You gotta give ’em hope

22 09 2011

I hate people.

I know a lot of my sarcastic contemporaries who hide behind internet anonymity (see you all at the next meeting, guys) revel in their misanthropy, but I try not to. I really do.

On some days, it’s hard.

I had to walk a few blocks out of my way in order to get to the office the other morning. This was because there was a shootout on the street in the middle of the night, and the block was still roped off by the police.

Apparently, this is what it takes to have a meaningful police presence in the neighborhood.

Often, because of where these types of things take place, they get ignored. If it was Midtown Manhattan, it would be a big deal, but it’s the Bronx. It’s the ghetto. A bunch of gang members want to kill each other? Let them.

Except that in this city, in the past month, we’ve had three children under five (that I’ve heard about) accidentally shot on the street. What the hell kind of human thinks that their ridiculous beef with some other dude in the neighborhood is worth the accidental death of a child?

Earlier, I noticed a candlelight memorial outside a client’s building. Apparently it was for a three year old girl. The parents claimed her death was accidental, but upon further examination, she had been horribly abused for some time. The mother of the family I was visiting showed me pictures of her daughter and this poor girl together at a recent birthday party, while she asked what kind of person could do that to a child? She was just glad that her daughter was young enough to not really understand.

We didn’t discuss the fact that, though we were quite a bit older, we certainly didn’t understand either.

Then I got a call about one of my families. A big, chaotic family, with lots of kids who fight like cats and dogs, and who make me laugh on every visit. Apparently they’ve been removed with no warning, and, as far as I can tell, no real reason. The children’s lawyer called me, mystified, saying she thought everything was improving. That’s what I had thought as well. They were waiting for placement in a domestic violence shelter, because the dad is now out of jail and has been coming by to beat the shit out of mom as often as he can.

By all means, traumatize everyone further. That’ll show them.

There’s a lot of disgust to go around in this case. The city, for refusing to move the family to a new location before the father was released from prison, and again for having an underfunded shelter system, and again for punishing a family for having been victimized. Of course, the “father,” who feels justified in beating the mother of his children in front of those children, pulling a knife, trying to set mother and children on fire.  (Fun fact–you only get a year in jail for that!) An ACS worker, who seems to be primarily focused on how inconvenient this all is for her.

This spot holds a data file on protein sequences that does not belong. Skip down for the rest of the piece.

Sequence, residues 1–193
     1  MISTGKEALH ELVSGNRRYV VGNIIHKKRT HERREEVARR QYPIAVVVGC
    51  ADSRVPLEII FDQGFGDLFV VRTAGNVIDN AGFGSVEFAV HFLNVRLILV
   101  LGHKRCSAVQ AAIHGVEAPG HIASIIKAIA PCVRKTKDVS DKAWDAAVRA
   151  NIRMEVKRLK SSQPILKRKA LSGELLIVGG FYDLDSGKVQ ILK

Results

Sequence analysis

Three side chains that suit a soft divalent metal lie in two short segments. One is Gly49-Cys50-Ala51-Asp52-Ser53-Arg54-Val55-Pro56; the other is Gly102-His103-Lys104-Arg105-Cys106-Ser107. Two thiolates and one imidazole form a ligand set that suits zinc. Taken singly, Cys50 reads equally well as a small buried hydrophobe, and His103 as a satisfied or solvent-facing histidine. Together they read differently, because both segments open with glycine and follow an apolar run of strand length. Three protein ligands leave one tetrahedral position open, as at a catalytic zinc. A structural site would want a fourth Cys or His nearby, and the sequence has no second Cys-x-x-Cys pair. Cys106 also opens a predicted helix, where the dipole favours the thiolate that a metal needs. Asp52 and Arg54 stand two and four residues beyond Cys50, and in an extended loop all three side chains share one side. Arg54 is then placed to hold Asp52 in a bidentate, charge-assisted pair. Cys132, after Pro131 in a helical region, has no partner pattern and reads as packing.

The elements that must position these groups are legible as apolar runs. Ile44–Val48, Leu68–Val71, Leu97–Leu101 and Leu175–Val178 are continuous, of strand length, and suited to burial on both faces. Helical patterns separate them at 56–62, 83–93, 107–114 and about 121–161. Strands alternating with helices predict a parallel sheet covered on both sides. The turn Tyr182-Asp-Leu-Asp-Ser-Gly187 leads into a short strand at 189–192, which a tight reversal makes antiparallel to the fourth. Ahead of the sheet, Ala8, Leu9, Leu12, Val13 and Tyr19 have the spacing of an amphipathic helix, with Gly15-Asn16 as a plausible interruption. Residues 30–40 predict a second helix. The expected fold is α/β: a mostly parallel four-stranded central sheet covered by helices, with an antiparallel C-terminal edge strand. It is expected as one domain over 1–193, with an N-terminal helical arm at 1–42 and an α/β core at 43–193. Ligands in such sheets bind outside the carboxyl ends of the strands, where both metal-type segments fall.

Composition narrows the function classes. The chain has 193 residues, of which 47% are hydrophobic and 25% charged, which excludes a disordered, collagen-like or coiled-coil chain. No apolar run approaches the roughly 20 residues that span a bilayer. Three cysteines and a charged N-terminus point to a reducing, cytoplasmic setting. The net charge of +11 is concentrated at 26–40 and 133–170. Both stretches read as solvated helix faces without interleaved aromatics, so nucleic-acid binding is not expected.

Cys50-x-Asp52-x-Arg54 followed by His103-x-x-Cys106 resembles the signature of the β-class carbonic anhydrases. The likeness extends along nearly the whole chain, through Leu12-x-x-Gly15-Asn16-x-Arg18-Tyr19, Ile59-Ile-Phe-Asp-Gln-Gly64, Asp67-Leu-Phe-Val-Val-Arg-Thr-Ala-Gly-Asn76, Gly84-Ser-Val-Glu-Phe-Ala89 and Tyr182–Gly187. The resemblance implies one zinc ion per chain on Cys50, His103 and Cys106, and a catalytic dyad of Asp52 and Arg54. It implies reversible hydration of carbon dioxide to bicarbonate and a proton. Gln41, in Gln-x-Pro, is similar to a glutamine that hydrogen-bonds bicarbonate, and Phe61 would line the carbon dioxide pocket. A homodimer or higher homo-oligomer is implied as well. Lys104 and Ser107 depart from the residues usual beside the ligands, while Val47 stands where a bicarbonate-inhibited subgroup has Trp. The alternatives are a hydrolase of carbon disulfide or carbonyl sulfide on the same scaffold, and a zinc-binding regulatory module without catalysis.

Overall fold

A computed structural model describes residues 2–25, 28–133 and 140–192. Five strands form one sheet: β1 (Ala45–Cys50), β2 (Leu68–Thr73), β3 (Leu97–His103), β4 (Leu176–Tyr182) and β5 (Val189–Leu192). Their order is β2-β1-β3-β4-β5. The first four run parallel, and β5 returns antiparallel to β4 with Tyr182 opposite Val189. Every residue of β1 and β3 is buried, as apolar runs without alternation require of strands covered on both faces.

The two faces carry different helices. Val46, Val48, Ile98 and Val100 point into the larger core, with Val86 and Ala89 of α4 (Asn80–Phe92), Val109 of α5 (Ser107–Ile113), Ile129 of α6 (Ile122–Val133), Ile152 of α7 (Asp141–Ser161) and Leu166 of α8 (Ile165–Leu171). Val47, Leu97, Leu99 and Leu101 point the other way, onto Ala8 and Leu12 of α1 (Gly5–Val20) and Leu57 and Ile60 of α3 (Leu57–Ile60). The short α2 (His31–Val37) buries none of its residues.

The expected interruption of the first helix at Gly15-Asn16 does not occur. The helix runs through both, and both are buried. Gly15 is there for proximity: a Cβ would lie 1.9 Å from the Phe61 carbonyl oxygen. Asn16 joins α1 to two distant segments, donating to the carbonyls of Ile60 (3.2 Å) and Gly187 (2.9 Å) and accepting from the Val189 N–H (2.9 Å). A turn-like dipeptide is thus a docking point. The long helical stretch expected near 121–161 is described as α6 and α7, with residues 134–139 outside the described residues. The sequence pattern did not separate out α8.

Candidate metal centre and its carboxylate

These are the people we’re sharing a planet with.

People are always asking how I manage to do my job, how it doesn’t get me down, how I work with people who do terrible things.

Barely, it does, and I don’t know.

All I know is that if I don’t believe in the people I work with, I can’t do my job. And while my job might not be changing the world, it’s something. If I write everyone off as “bad parents” and “juvenile delinquents” things don’t get better. They stay the same if we’re lucky, they get worse if we’re realistic.

Days like this I can’t do it. Bureacracy, disappointment, inconsiderate people, I can deal with. I have to. On a daily basis. I can get snarky, use my impressive vocabulary and quick wit to get a one-liner in that will make me feel better, and move on. I’ll be annoyed, but I move on.

Today I have to half lie to myself, and say that, despite the tragedy and the people we can’t help, things do get better. As much as I want to quit right now, I can’t imagine doing or being anything else.

Because there are those moments. Moments that make you feel good, like a teen telling you she likes that you listen to her, or a grandma bringing you cough drops because your voice sounded scratchy on the phone. And moments that actually make a difference, like a kid walking away from a fight for the first time, or a parent recognizing that a child’s behavior is developmentally appropriate, and not worthy of punishment.

It really beats the alternative.

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13 responses

22 09 2011
carolynsocialworker

Sounds like somebody needs a weekend, maybe a long one (any sick time available) with a long walk in the warm air to watch the birds wheel and turn in the sky (or whatever it is you do to regroup). Personally, I have found looking at this picture (found on another social worker’s blog) to be very helpful for quick stress relief at the office.

http://nechakogal.wordpress.com/

Hang in there. One of your “moments” will come soon.